Vue.js makes it incredibly easy to create dynamic web interfaces. Firebase makes it incredibly easy to create a persistent, realtime backend. Combining the two would give us possibly the easiest way to build a data-driven web application. Now with VueFire, an unofficial Firebase binding library for Vue.js, it only takes a few lines of code to reactively render your Firebase data in your app.

What is Vue.js?

Vue.js is a JavaScript framework for building dynamic web interfaces. It offers reactive data binding and composable components in an extremely approachable core library, which can be dropped into any existing page and picked up in a matter of hours. On the other hand, the framework also provides more opinionated solutions for more ambitious use cases, such as client-side routing, state management and advanced build tools. It currently has over 15,000 stars on GitHub and is rapidly rising in popularity. You can visit vuejs.org for a more thorough introduction.

Adding Firebase to a Vue.js app

It is already pretty simple to manually update a Vue instance's data when a Firebase reference's value has changed, but the VueFire library makes it even easier.

Setting up the scripts

To get started, just include Vue, Firebase and VueFire in your page:

<head>
  <!-- Vue -->
  <script src="https://cdn.jsdelivr.net/vue/latest/vue.js"></script>
  <!-- Firebase -->
  <script src="https://cdn.firebase.com/js/client/2.4.2/firebase.js"></script>
  <!-- VueFire -->
  <script src="https://cdn.jsdelivr.net/vuefire/1.0.0/vuefire.min.js"></script>
</head>

VueFire will automatically detect Vue's presence and install itself. If you are using a module bundler, you can also install the dependencies via NPM:

npm install vue firebase vuefire --save
var Vue = require("vue");
var VueFire = require("vuefire");
var Firebase = require("firebase");

// explicit installation is required in a module environment
Vue.use(VueFire);

Binding Vue.js templates to Firebase data

With proper installation, your Vue components can now accept a new option: firebase. You can use this option to declaratively bind Firebase references to properties on your Vue instance:

var itemsRef = new Firebase("https://vuefiredemo.firebaseio.com/items/");

var vm = new Vue({
  el: "#app",
  firebase: {
    // can bind to either a direct Firebase reference or a query
    items: itemsRef.limitToLast(25)
  }
});

And the HTML:

<body>
  <div id="app">
    <ul>
      <li v-for="item in items">
        {{ item.text }}
        <button @click="removeTodo(item['.key'])">X</button>
      </li>
    </ul>
    <form @submit.prevent="addTodo">
      <input v-model="newTodo" />
      <button>Add #{{ items.length }}</button>
    </form>
  </div>
</body>

Now whenever the Firebase reference's value changes, the DOM will be updated accordingly. Isn't that easy?

Updating Firebase data on user interaction

Now all we need to do is allow the user to update the list of items. First let's create a form that enables adding items:

<body>
  <div id="app">
    <form v-on:submit.prevent="addTodo">
      <input v-model="newTodo">
      <button>Add #{{ items.length }}</button>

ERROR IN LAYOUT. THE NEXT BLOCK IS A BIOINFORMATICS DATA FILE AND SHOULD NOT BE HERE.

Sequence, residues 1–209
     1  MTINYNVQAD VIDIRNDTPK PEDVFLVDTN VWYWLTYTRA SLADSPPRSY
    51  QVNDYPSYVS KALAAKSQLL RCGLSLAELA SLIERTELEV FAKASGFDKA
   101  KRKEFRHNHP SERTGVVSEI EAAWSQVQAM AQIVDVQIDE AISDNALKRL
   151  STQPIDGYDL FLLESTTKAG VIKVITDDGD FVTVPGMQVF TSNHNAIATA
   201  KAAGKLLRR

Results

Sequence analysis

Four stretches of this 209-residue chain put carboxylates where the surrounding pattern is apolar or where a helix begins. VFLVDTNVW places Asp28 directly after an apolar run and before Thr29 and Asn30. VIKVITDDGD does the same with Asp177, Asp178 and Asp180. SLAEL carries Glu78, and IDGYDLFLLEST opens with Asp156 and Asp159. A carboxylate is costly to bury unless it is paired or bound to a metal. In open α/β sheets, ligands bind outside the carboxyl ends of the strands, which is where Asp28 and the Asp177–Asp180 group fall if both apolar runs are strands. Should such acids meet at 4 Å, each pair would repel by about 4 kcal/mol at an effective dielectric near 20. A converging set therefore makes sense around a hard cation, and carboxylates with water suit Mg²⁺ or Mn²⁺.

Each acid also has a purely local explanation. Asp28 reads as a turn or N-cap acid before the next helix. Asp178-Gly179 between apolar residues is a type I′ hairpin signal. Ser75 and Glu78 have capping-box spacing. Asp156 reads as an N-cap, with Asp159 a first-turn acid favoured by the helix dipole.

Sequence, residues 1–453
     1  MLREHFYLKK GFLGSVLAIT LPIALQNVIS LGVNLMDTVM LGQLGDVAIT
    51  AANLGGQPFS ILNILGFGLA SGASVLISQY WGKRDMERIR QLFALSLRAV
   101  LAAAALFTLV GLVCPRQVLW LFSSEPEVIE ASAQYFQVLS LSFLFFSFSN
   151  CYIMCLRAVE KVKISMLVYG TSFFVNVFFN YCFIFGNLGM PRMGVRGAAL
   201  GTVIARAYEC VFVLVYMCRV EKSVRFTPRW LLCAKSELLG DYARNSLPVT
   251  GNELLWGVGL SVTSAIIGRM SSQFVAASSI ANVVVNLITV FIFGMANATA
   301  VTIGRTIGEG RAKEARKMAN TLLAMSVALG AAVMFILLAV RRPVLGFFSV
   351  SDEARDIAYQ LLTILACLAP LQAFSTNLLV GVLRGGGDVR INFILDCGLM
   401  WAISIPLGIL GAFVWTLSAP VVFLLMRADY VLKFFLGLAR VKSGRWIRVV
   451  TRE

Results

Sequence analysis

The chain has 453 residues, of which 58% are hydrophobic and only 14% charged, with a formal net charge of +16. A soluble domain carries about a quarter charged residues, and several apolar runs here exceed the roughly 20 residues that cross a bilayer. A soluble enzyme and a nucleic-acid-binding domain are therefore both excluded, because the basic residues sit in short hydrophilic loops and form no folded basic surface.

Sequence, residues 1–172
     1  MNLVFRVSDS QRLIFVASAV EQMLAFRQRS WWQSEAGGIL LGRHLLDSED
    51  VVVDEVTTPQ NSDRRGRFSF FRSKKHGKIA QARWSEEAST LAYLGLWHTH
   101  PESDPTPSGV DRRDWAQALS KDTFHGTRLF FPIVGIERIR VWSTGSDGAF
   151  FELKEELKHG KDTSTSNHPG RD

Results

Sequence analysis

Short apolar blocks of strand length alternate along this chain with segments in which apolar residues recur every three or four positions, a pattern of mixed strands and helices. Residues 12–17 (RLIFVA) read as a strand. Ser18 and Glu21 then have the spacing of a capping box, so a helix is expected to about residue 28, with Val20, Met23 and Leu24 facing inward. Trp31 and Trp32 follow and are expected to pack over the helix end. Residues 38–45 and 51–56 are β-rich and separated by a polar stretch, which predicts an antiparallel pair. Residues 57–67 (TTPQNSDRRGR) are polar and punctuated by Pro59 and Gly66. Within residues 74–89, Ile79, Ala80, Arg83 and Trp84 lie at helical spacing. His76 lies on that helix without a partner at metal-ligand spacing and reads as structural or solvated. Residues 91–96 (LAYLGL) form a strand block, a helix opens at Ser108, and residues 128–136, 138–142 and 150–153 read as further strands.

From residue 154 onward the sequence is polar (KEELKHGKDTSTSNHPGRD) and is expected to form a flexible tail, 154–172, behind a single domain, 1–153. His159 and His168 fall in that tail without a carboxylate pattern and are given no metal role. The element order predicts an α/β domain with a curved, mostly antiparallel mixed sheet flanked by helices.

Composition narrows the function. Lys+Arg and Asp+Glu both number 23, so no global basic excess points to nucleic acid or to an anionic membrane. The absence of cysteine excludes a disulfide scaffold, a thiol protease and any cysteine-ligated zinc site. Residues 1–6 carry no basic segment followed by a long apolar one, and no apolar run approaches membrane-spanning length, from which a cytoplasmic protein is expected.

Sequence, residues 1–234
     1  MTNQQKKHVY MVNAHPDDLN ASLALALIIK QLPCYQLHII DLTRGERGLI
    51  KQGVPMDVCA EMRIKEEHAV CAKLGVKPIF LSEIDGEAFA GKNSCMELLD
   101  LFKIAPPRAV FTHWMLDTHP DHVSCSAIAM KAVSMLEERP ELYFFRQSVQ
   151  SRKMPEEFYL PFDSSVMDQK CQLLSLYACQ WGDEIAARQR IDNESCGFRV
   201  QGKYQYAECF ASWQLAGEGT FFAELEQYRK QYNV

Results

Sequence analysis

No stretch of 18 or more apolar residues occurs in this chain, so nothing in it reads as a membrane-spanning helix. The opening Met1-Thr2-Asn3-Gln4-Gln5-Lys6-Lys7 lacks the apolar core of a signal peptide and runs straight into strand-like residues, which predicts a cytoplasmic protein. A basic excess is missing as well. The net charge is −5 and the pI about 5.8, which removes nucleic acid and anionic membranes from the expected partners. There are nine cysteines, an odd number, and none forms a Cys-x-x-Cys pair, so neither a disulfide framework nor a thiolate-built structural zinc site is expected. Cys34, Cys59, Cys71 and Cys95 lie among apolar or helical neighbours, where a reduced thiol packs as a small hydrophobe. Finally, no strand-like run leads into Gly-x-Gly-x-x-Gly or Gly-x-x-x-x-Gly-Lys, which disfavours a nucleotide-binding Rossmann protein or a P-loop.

</form>

   </div>
</body>

The <input> element is bound to a variable named newTodo, so we need to declare that in the component's data option. We use the v-on directive to listen to form submission. The .prevent is a modifier that tells Vue.js to automatically call preventDefault() on the event to prevent page reload. We also need to define the addTodo() method which will be called when the form is submitted:


var vm = new Vue({
  el: "#app",
  firebase: {
    items: itemsRef.limitToLast(25)
  },
  // declare local state
  data: {
    newTodo: ""
  },
  // define instance methods
  methods: {
    addTodo: function () {
      if (this.newTodo.trim()) {
        // update the Firebase reference!
        itemsRef.push({
          text: this.newTodo
        });
        // reset input box
        this.newTodo = "";
      }
    }
  }
});

Finally, we can add a button for each item that enables removal and this is the final code for our little demo. Note the @ bindings are shorthand for v-on:

Setting bindings in the HTML

<body>
  <div id="app">
    <ul>
      <li v-for="item in items">
        {{ item.text }}
        <button @click="removeTodo(item['.key'])">X</button>
      </li>
    </ul>
    <form @submit.prevent="addTodo">
      <input v-model="newTodo">
      <button>Add #{{ items.length }}</button>
    </form>

   </div>
</body>

Creating the model in JavaScript

var itemsRef = new Firebase("https://vuefiredemo.firebaseio.com/items/");

new Vue({
  el: "#app",
  data: {
    newTodo: ""
  },
  firebase: {
    items: itemsRef.limitToLast(25)
  },
  methods: {
    removeTodo: function (key) {
      itemsRef.child(key).remove();
    },
    addTodo: function () {
      if (this.newTodo.trim()) {
        itemsRef.push({
          text: this.newTodo
        });
        this.newTodo = "";
      }
    }
  }
});

You can find the source code for this demo and more detailed docs at the VueFire GitHub repo.

Conclusion

With around 30 lines of code, we now have a dynamic interface entirely driven by a remote data source, with updates propagated to multiple clients in realtime. The Vue.js + Firebase combination makes building these types of apps faster and easier than ever before.

The Vue.js team is also investigating Firebase integration with Vuex, Vue.js' official client-side state management solution. This would provide a scalable pattern for managing Firebase data in large scale single-page applications.

We believe Vue.js and Firebase are a perfect match for building modern web apps, and we are excited to see what you create!